We study detailed mechanisms of chemical reactions in the gas and condensed phases by using laser and molecular beam techniques. In particular, we are interested in identifying primary steps, nascent product state distributions and understanding reaction mechanisms at the molecular level. Our research is relevant to environmental, atmospheric and combustion chemistry as well as to the fundamental chemistry of new energy sources.

Much of our research is concerned with the unimolecular decomposition of free radicals and other transient species. For example, we have studied the photoiniatted decomposition of hydroxyalkyl and chloromethyl radicals, as well as the covalently-bound NO dimer. More recently, emphasis has been placed on the state-specific predissociation of hydrogen-bonded dimers with acids and bases, such as HCl and ammonia. The experimental arrangements include molecular beams and ion and photoelectron imaging, as well as the core-sampling version of time-of-flight translational spectroscopy. Theoretical modeling is important in all our studies and the ongoing collaboration with Prof. Anna Krylov and her iOpenShell Center at USC has resulted in joint experimental-theoretical studies of challenging open-shell systems. Special graduate courses on Electronic Structure Theory and Models of Reaction and Ionization Dynamics prepare students and postdocs for these studies. UHV studies of gas-surface and condensed-phase interactions are carried out in collaboration with Professor Curt Wittig. In current experiments, laser and FTIR spectroscopies are used to interrogate the behavior of thin films of solid water doped with small molecules. Changes in the IR spectroscopy of guest molecules such as carbon dioxide and nitrous oxide reveal transport mechanisms, including trapping and ejection processes and phase explosions relevant to icy bodies in the solar system.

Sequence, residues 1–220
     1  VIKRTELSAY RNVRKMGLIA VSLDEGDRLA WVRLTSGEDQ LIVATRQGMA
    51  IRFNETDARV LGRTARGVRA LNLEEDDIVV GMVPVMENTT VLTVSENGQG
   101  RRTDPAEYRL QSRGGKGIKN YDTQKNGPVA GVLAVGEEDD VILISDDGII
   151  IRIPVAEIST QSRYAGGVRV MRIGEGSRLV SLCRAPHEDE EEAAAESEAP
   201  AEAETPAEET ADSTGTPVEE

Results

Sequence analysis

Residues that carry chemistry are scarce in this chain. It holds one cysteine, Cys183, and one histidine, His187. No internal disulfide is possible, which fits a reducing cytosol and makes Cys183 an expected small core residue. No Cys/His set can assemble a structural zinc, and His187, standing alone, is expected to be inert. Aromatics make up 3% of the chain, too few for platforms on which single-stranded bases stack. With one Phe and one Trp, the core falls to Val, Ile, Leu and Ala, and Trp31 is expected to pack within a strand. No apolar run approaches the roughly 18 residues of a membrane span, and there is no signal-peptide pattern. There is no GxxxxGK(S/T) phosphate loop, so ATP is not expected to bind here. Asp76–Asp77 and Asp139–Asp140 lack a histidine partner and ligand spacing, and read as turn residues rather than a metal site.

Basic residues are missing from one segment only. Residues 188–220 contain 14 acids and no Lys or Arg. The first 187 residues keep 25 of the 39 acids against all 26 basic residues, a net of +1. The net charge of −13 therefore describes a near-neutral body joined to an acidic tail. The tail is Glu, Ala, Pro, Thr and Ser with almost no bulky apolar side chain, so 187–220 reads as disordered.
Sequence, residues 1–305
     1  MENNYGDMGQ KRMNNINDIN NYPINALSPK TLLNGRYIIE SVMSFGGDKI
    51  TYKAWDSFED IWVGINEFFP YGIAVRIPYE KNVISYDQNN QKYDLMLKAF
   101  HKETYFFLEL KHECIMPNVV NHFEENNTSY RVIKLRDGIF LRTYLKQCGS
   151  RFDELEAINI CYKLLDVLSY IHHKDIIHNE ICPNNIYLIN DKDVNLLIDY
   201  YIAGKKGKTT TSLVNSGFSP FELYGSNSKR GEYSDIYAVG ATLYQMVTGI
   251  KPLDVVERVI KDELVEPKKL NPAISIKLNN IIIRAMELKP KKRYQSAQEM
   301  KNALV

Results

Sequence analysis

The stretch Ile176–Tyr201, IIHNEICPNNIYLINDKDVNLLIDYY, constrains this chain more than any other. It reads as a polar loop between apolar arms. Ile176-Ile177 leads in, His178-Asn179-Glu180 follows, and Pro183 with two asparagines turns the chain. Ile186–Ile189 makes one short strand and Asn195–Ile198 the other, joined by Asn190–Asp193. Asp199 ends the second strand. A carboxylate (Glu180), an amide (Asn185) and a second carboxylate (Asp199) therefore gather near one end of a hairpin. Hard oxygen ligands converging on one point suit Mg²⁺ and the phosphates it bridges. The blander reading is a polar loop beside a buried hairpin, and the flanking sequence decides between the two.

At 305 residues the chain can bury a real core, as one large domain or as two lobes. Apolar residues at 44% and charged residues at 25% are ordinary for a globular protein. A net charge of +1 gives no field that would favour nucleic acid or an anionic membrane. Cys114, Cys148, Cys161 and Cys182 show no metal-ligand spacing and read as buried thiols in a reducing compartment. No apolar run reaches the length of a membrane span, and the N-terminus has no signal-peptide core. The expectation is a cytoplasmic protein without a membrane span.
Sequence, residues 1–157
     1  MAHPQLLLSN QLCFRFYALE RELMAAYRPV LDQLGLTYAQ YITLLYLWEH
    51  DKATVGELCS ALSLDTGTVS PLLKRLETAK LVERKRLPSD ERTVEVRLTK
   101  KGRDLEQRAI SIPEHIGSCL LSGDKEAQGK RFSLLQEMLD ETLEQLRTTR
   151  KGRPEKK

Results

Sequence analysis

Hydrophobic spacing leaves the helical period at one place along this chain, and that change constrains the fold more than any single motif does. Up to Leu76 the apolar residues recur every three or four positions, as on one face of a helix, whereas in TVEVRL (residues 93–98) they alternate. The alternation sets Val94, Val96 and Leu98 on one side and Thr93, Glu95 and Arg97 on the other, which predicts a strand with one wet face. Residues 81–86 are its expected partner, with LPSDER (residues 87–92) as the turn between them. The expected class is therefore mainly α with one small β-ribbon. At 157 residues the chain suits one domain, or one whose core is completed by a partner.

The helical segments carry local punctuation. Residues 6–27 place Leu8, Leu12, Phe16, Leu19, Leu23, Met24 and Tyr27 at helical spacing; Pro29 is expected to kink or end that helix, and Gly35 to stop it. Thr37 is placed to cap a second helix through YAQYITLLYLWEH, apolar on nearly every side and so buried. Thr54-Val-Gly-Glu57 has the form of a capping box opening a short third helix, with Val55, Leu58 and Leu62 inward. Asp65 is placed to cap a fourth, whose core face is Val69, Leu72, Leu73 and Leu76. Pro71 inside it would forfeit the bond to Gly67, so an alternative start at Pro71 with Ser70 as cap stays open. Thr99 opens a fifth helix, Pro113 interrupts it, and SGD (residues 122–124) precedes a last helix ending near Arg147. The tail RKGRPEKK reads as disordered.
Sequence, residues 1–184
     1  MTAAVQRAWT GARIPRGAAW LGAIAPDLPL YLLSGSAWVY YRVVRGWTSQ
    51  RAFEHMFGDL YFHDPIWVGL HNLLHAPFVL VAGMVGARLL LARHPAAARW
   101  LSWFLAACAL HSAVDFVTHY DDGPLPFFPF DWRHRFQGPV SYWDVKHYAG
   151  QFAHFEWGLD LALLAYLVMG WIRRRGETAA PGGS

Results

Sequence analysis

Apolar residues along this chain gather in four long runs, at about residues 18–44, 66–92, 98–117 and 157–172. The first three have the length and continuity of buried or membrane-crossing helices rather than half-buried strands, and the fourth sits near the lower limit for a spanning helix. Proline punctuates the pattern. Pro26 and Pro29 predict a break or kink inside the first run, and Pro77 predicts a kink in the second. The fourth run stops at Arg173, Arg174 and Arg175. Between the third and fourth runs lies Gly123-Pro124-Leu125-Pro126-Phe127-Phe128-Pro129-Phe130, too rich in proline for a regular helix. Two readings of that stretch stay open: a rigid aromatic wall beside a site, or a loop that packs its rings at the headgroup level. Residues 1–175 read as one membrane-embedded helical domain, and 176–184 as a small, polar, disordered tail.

Current Projects

  1. Imaging the predissociation dynamics of hydrogen-bonded clusters

    We study state-specific vibrational predissociation dynamics of hydrogen-bonded dimers and trimers of water, acids and bases. Despite their weak bonding, hydrogen bonds are crucially important in environments ranging from living cells to icy bodies in the solar system. In our studies, the state resolution and detection sensitivity of photofragment ion imaging are exploited to obtain pair-correlated distributions of fragments following laser excitation of a hydrogen-bonded stretch vibration in one of the subunits of the dimer or trimer. Encouraged by our previous results on vibrational predissociation dynamics of several dimers, we are now extending the work to include cyclic trimers as prototypes of vibrational energy dissipation in larger hydrogen-bonded networks. State-specific energy flow patterns that lead to H-bond breaking in dimers and trimers will be inferred from quantum state distributions in the fragments, and bond dissociation energies will be obtained with spectroscopic accuracy. Vibrational predissociation dynamics and mechanisms will be elucidated by comparisons with high-level calculations. Specific systems of current interest include: H(D)Cl-water dimers and mixed cyclic trimers; water and ammonia dimers and trimers; and mixed ammonia-water trimers. Learn More...